Image analyzer outside of Designer


#1

Is there a way to get some sort of image analyzer tool put into Studio? Or maybe in the my.zap.works dashboard? It’s super helpful but the only way I think you can get to it right now is to create a new project in the old Designer tool and upload the tracking image.

I think having a separate image analyzer tool would be really useful to check graphics as we’re creating them to ensure we are creating something that works really well for tracking before we waste a lot of time on a design that doesn’t work. Sure, I have a general sense of what works, but the other members of my team don’t have the same technical understanding of AR and image tracking that I do, so it’s getting old having to constantly explain why I need an image tweaked or what have you.


#2

Hi Atlas,

The problem with the analyser is that it’s just scoring the image with a very basic metric (looking for a decent spread of “detail”) - the output of that is usually correlated with tracking quality, but not always.

It can also encourage people to add additional detail where it’s not really needed (people desperately trying to get the whole image “green”). The problem there is people often then add some repetitive patterns to try to get a “green” score, but repetitive patterns are not really that helpful for tracking - unique features are much more useful. A checkerboard image would probably show up completely green on the analyser but is a bit of a nightmare for tracking (as each intersection in the camera could match to any of them in the target).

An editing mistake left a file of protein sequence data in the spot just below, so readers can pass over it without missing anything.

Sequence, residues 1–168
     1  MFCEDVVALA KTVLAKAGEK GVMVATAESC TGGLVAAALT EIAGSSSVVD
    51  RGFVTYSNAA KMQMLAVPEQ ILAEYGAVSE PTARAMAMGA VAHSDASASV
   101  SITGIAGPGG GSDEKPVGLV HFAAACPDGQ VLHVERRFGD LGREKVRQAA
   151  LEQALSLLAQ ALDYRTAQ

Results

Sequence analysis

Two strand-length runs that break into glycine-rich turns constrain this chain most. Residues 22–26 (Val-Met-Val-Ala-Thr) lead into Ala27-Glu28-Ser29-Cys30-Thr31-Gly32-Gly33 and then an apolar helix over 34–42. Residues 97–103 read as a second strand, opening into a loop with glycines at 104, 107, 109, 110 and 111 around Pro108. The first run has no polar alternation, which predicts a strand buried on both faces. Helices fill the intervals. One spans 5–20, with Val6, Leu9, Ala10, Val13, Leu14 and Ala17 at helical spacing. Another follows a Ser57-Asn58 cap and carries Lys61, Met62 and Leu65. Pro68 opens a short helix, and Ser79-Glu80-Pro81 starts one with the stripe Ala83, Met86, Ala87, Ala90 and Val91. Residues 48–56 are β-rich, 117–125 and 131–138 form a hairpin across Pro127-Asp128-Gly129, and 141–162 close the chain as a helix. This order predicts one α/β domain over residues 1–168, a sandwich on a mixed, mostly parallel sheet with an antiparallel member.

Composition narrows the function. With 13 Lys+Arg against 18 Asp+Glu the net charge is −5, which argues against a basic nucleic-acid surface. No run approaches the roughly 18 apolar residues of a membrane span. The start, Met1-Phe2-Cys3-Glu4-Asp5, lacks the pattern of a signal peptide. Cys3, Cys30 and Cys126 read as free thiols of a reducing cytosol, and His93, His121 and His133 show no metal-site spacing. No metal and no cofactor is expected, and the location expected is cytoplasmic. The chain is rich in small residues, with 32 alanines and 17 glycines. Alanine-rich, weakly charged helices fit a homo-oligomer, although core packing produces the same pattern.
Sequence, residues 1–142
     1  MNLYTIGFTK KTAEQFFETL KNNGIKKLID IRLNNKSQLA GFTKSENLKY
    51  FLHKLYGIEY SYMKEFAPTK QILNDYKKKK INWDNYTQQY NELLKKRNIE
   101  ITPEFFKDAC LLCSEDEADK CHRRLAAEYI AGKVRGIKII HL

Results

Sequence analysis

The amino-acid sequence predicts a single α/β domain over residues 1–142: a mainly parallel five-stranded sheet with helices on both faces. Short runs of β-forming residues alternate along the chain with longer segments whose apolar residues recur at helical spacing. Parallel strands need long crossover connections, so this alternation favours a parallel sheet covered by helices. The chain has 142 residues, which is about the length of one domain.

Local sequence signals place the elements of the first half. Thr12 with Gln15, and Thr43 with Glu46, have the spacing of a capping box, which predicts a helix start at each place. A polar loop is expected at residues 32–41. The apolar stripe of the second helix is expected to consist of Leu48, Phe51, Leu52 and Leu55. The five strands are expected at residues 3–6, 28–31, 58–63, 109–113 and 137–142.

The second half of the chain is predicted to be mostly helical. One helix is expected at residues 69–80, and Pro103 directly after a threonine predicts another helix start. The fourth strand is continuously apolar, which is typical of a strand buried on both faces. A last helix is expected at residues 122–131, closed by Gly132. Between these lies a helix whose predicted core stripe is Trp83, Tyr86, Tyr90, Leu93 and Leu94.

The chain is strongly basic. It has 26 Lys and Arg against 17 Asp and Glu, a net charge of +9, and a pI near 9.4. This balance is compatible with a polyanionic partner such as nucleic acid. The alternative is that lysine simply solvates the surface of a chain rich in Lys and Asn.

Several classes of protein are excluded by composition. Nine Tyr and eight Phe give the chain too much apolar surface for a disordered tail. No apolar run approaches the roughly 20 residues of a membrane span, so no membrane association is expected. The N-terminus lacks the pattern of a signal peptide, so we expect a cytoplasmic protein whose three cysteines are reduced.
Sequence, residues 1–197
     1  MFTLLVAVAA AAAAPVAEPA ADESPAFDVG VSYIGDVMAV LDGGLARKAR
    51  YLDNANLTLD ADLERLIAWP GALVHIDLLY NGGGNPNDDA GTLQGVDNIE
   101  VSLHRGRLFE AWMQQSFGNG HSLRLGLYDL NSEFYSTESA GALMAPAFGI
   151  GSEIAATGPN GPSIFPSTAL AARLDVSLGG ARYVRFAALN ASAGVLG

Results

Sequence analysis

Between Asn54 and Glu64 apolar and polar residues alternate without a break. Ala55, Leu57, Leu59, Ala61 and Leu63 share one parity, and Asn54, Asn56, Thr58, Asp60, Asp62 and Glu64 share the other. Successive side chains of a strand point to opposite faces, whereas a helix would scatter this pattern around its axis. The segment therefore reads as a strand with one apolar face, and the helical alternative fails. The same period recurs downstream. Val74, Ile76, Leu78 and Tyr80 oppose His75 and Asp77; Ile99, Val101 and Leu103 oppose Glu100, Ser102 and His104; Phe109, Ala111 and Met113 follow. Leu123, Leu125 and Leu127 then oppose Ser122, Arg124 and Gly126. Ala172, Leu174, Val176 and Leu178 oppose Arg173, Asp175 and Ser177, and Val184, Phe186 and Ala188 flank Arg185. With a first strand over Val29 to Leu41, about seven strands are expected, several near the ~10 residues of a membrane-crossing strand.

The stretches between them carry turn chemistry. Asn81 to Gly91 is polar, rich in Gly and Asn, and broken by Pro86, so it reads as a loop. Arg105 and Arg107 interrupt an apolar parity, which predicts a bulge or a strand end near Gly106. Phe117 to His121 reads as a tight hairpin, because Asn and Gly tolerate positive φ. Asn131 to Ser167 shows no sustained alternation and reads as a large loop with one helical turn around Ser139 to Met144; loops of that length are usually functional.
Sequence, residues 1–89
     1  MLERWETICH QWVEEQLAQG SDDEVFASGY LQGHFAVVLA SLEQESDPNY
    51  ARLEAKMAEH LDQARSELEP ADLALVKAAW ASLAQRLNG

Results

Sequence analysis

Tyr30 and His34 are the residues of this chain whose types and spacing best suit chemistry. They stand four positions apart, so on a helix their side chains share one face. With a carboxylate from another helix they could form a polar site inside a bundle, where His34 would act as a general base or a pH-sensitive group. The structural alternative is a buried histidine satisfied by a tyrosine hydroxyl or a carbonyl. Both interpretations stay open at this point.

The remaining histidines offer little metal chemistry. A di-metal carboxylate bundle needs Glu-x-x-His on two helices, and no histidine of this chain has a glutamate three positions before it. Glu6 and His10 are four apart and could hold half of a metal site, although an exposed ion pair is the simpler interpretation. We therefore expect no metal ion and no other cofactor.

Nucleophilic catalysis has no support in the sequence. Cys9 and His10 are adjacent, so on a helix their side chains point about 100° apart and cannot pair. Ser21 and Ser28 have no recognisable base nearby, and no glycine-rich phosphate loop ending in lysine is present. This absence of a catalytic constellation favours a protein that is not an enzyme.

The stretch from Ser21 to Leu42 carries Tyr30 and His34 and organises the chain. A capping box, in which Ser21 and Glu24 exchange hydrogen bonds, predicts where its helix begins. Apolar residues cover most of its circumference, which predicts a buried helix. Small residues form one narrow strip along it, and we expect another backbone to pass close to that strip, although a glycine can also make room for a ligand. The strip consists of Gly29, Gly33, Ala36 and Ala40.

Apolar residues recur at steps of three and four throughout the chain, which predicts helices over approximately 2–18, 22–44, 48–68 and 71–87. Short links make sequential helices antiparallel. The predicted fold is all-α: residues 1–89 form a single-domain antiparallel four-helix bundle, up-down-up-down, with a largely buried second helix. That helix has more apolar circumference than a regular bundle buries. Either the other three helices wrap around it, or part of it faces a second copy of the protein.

My rule of thumb is: more high contrast areas = better, and try to ensure they’re spread out to the edges / corners - small text in the centre of a plain white postcard isn’t going to track that well, but the addition of a few small bits of detail towards the corners will probably make it track fine, as long as the use case has the entire image in view most of the time.

In the end I encourage people just to try training the image in Studio, just with a plane on it, and not to obsess over the green score on the analyser.

There’s also this docs article which discusses in general terms how to choose a good tracking image: https://docs.zap.works/general/design/what-makes-good-tracking-image/


#3

Thank you for explaining how the analyzer works! I didn’t realize it was going off of such a basic metric.

I’ve read through that docs page on tracking image many, many times and referenced it a lot, so like I said, I tend to have a pretty good eye for what works and what doesn’t, haha. I just wasn’t sure how robust the analyzer actually was and if it was something I could tell the other designers to use to cut down on some of the back-and-forth as they’re making images to potentially be used as tracking images. But I can leave that out of my “guide” I’m making for them if the analyzer isn’t actually that reliable.